Delta targets Seattle in westerly expansion

SEATTLE – Delta Air Lines Chief Executive Richard Anderson has ambitious plans to build up Seattle as the airline’s West Coast international gateway and its eighth domestic hub.

Delta will not only offer more flights out of Seattle – many of them in head-to-head competition with Alaska Airlines – but will also base more jobs here and spend heavily on facility improvements at Seattle-Tacoma International Airport.

The chief of the world’s third-largest airline is not shy about pushing assertively into a market where hometown favorite Alaska Air carries more than half of all passengers.

Some analysts see Delta exerting pressure for an end game in which the giant Atlanta-based enterprise swallows its smaller Pacific Northwest rival.

Anderson deflects talk of that possibility and insists Delta is here “to be successful unilaterally” in a rough-and-tumble industry.

“There’s no drama. It’s just business,” Anderson said. “Is Airbus tough with Boeing? Is Apple tough on Microsoft? It’s a competitive marketplace.”

On Monday, Delta, headquartered in Atlanta, Ga., inaugurated direct flights from Seattle to Hong Kong, bringing to 10 the number of its daily international nonstop routes out of the city, six to Asia and four to Europe.

Anderson said that adding such destinations from Seattle is “huge for the economic and cultural development of the community.”

Delta’s expansion requires building up its base at Sea-Tac. Anderson said the airline has about 2,800 employees based here now and will soon grow past 3,000.

“We’re in the process right now of hiring 1,400 flight attendants and 600 pilots,” he said. “A lot of those will end up based here.”

The Port of Seattle plans a new $350 million international-arrivals facility – the first phase is scheduled to open in 2018 – to be paid for by the airlines that use it.

“Given the sheer number of arrivals we’ll have there, the lion’s share of that will be Delta’s,” said Anderson. “We’re fully prepared to meet that obligation. . Seattle is a strategic priority for Delta.”

Delta is the most profitable airline in the world. Excluding special tax gains, it made $2.7 billion last year.

It handles much of its own maintenance in-house and has high operational reliability. The company’s profit-sharing scheme paid out just over $500 million to employees last year and labor relations are better than at most airlines. That helps ensure better service for passengers.

Bob Cortelyou, Delta’s vice president of network planning, said Seattle has the potential to be a big global travel gateway and yet lags behind cities such as nearby Vancouver, British Columbia, in international connections.

Seattle’s relative closeness to Asia, compared to the big California cities, offers Delta flexibility in the aircraft it can fly on trans-Pacific routes.

So Cortelyou’s opening new direct routes with smaller airplanes such as the Boeing 767 or 777, or the Airbus A330, rather than four-engine jumbo jets.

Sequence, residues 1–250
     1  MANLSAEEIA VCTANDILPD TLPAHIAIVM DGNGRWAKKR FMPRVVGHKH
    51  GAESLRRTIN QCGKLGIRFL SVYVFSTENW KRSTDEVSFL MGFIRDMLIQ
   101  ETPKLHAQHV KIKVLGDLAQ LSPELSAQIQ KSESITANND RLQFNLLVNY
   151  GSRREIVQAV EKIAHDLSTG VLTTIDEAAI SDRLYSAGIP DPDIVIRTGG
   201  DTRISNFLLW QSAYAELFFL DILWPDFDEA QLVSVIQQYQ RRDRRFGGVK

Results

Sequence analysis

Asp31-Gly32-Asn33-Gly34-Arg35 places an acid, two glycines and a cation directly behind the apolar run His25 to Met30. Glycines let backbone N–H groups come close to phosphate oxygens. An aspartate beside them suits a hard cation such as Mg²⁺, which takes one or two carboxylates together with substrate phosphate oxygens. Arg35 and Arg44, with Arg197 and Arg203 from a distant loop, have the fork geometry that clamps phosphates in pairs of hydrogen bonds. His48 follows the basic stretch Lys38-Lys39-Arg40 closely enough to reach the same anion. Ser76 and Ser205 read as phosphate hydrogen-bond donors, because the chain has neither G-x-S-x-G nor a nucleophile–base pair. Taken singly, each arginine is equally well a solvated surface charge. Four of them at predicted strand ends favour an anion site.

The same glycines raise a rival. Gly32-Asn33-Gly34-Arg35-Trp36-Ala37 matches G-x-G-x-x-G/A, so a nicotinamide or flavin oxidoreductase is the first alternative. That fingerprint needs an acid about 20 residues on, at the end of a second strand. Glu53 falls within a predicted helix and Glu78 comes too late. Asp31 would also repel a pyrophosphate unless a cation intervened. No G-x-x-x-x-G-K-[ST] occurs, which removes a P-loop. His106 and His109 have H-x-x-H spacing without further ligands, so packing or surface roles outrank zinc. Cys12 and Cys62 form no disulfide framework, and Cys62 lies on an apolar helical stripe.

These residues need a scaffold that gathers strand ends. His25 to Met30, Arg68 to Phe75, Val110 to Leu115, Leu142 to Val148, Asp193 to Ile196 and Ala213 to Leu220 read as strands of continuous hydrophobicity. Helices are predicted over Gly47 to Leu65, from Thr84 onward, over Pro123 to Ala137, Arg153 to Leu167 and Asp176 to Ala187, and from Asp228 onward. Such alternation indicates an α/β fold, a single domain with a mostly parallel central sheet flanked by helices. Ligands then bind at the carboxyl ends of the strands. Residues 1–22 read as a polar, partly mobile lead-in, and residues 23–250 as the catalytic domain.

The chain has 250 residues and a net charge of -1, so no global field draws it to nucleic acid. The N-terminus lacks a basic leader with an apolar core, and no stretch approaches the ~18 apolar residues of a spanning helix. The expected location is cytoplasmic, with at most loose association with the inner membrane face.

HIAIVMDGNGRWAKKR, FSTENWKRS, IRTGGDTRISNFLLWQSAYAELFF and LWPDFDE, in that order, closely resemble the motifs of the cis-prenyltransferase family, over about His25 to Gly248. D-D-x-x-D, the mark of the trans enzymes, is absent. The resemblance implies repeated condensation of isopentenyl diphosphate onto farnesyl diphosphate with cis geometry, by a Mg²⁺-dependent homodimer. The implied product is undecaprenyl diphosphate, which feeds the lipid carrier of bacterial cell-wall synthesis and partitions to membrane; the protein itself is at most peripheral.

“Seattle has a strong corporate base, a strong economy and a relatively affluent population. It’s also a tremendous geographic location for flights to Asia,” Cortelyou said.

“It befuddles my mind why Vancouver is so much stronger. Seattle has all these great demographics and a smattering of service.

“That’s not right, and we’re fixing that.”

Of course, if Delta was solely creating an international gateway, that would be no threat to Alaska Air.

But it’s also been building a feeder network to bring its passengers from cities all along the West Coast and even Alaska.

This summer, it will grow to 86 departures out of Sea-Tac every day.

Delta’s Seattle routes to Los Angeles; San Francisco; San Jose, Calif.; San Diego; Las Vegas; Vancouver; and Anchorage and Juneau, Alaska, create head-to-head confrontations on Alaska Air’s bread-and-butter destinations.

And last month, Delta announced it will open service this winter to Maui in Hawaii and to Puerto Vallarta and Los Cabos in Mexico.

Those aren’t feeder routes to an Asian gateway. Delta is going after prime winter vacation traffic out of Seattle in direct competition with Alaska.

If that seems aggressive on Delta’s part, Alaska is not sitting back.

This month, Alaska opens seven non-Seattle routes out of Salt Lake City, which is a longstanding Delta hub.

And when Delta opened its direct flights from Seattle to London in March, Alaska announced a special double-miles offer to its frequent fliers who flew on British Airways, the only other carrier going direct to London.

In terms of airline competition, all these seem like moves in an undeclared war.

In that confrontation, Alaska for the moment is in a dominant position. For the year through April, Alaska carried just over half of all passengers out of Sea-Tac. Delta carried just over 13 percent.

Michael E. Levine, a former senior airline executive now on the faculty of New York University School of Law, said that to build a sustainable international hub at any airport requires a strong domestic feeder network.

“You can’t possibly build it at Seattle without Alaska,” said Levine, who worked with Anderson at Northwest Airlines and is a longtime friend of the Delta CEO.

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